The Plot Thickens, or Why Do My Fingernails Have This Much Dirt Under Them?

Rough little garden plot and tools--a guy can never have too many tools!

I have nothing but good things to say about Daylight Savings Time.  Getting home from work with still more than a good hour of useable light makes the entire evening seem longer.  Having a yard and being able to plant what I wanted was one of the big reasons that getting a home of my own was important to me.

The plants in all the pots that suffered from the move and then the colder than usual winter are now beginning to look like they are enjoying their new place, quickly putting out new shoots and bright blossoms.  I’ve also added  bedding plants in the neglected bed on the sunny side of the house.  It’s amazing after throwing quite a bit of money at Lowe’s for some great looking plants, how sparse the bed still looks, but I’m hoping they’ll grow and spread.

Far in advance, I’d picked up a variety of flower bulbs,  gladiolus and irises, and they are now shooting up green spikes from the pots.  I still haven’t conquered the moles.  So far I’ve gone the repellent route, trying to avoid sinking spikes filled with poison down into the yard where Annie plays and sometimes nibbles at the tender green grass.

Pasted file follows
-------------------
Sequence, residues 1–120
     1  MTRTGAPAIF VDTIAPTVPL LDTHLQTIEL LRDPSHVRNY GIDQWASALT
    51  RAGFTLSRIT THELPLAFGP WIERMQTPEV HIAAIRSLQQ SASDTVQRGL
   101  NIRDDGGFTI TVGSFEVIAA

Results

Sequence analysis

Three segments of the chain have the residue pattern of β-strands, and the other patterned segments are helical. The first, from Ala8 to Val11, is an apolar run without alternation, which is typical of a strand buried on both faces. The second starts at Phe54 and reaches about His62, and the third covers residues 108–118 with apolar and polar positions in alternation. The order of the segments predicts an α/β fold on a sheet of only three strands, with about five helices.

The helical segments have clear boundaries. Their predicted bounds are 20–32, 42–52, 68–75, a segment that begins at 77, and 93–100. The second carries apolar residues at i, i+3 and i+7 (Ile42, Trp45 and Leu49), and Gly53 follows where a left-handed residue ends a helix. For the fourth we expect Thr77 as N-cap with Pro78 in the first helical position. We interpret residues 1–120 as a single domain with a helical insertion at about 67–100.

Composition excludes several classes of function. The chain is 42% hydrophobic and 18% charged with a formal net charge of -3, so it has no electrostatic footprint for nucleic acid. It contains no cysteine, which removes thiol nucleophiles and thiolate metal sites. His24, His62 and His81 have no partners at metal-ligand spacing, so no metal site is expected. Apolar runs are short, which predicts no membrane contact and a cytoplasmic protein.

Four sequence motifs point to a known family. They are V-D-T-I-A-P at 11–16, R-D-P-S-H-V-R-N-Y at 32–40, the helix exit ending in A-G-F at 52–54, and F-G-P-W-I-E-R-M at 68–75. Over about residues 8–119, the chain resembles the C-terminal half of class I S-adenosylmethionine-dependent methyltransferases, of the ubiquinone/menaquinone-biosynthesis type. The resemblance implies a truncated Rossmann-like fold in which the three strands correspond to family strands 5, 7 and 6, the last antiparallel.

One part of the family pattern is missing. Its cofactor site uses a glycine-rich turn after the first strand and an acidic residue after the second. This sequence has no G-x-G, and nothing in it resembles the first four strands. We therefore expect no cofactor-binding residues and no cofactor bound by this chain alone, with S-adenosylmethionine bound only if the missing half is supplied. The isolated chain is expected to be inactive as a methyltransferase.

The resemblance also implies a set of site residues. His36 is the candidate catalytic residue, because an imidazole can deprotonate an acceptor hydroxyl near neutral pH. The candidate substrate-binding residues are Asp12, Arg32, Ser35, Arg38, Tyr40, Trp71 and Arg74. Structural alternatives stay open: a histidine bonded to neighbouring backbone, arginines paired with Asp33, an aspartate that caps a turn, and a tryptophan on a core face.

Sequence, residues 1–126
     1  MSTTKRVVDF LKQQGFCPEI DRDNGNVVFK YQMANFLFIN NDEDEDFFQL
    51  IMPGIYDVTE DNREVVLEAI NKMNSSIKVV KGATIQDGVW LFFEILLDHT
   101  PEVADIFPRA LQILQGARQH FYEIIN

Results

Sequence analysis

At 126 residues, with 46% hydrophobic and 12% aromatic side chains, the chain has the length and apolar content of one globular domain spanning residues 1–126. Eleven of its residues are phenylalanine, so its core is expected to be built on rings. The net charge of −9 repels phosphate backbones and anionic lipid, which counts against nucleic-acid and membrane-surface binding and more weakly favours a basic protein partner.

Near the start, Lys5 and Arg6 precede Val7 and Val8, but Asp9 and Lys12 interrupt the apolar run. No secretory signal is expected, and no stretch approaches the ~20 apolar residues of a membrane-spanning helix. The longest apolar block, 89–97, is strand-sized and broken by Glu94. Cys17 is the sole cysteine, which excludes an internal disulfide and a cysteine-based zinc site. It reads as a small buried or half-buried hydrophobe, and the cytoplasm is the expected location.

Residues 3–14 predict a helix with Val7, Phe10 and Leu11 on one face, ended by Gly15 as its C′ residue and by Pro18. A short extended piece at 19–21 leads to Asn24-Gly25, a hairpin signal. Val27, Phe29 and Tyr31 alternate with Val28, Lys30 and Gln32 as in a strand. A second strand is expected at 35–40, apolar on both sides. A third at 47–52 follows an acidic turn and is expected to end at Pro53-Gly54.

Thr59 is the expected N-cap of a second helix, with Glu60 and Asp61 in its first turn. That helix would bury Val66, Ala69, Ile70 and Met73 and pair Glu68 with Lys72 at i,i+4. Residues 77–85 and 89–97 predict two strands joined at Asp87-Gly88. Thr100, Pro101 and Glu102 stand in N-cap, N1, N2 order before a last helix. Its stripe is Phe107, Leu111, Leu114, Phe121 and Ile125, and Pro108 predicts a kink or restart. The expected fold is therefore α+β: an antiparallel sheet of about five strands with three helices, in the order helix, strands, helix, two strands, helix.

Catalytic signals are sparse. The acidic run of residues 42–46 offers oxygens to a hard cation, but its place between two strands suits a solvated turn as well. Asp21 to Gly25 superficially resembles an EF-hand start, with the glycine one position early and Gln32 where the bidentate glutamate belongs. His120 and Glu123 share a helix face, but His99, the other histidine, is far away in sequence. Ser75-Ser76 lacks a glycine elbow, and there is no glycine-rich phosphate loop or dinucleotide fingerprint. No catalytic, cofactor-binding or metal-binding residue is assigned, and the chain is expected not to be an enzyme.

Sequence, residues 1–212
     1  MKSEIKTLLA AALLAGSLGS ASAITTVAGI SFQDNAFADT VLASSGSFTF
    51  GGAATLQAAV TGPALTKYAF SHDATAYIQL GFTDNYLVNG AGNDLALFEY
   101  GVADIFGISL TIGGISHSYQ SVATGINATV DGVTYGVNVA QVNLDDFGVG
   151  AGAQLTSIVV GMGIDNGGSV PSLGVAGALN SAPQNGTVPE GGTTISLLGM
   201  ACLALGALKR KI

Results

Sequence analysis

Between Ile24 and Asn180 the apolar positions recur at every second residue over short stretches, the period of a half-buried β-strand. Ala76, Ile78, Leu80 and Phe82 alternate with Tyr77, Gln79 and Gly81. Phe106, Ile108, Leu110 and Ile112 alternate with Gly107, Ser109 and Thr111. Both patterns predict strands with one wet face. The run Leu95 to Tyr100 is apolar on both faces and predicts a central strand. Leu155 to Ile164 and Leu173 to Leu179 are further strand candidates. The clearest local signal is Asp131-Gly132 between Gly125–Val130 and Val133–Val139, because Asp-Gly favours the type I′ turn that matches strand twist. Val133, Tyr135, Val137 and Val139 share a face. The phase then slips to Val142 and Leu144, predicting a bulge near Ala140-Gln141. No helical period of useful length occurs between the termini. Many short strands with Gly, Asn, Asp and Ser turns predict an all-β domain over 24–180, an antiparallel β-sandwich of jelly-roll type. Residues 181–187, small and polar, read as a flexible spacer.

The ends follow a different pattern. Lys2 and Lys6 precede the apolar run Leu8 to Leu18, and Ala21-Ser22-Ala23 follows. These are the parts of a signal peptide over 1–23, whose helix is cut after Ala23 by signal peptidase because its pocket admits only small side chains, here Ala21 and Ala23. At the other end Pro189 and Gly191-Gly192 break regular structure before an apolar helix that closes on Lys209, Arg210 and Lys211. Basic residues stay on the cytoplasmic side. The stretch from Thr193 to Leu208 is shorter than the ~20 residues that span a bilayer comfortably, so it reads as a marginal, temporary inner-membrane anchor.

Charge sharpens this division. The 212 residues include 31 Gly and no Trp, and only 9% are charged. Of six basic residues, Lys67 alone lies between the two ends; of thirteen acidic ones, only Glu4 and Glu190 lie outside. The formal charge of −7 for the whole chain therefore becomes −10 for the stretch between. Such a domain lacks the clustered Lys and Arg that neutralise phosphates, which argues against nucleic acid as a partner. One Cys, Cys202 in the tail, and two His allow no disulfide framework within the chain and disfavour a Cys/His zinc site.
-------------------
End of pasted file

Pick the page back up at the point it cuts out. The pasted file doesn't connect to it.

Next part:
Along with the flower bulbs, I found that I had purchased (maybe even back in December or January) some onion sets.  The smallest amount I could get was a plastic bag of 80 of the small starter onions.  I finally decided that maybe I could make a try at a small vegetable plot behind my garage.  There’s a space of about 12 feet by 20 feet that with care and a lot of mulch might finally work.  But I was determined to get the onions put into the ground.  Even though there were roots from a tree that the back neighbor had cut down, digging up the soil wasn’t all that hard.  It’s very sandy, and like much of the Houston area, it’s not very far down until you start hitting clay, about 10 inches down, where I was digging.  I mixed in some rotting leaves and raked over the soil, dug a small trench, and dropped in the onions.  For good measure, I covered most of it up with some more leaves.  Only a few days after I had put in the onions, my co-worker kindly gave me a couple of squash plants.  I’ve put them into the ground too but dug a hole and put in some good shovelsful of potting soil.

Will the trellis be an incentive for this little squash plant?

The little squash plants are growing new leaves, and today when I went out for the obligatory inspection–lo and behold–there were two onions sending up little slivers of green, seeming to say, “Hey, this may not be the best soil, but we’re going to try out best.”  In answer, over to the spigot I went, ready to give these new little green guys and all of their plant amigos a drink.

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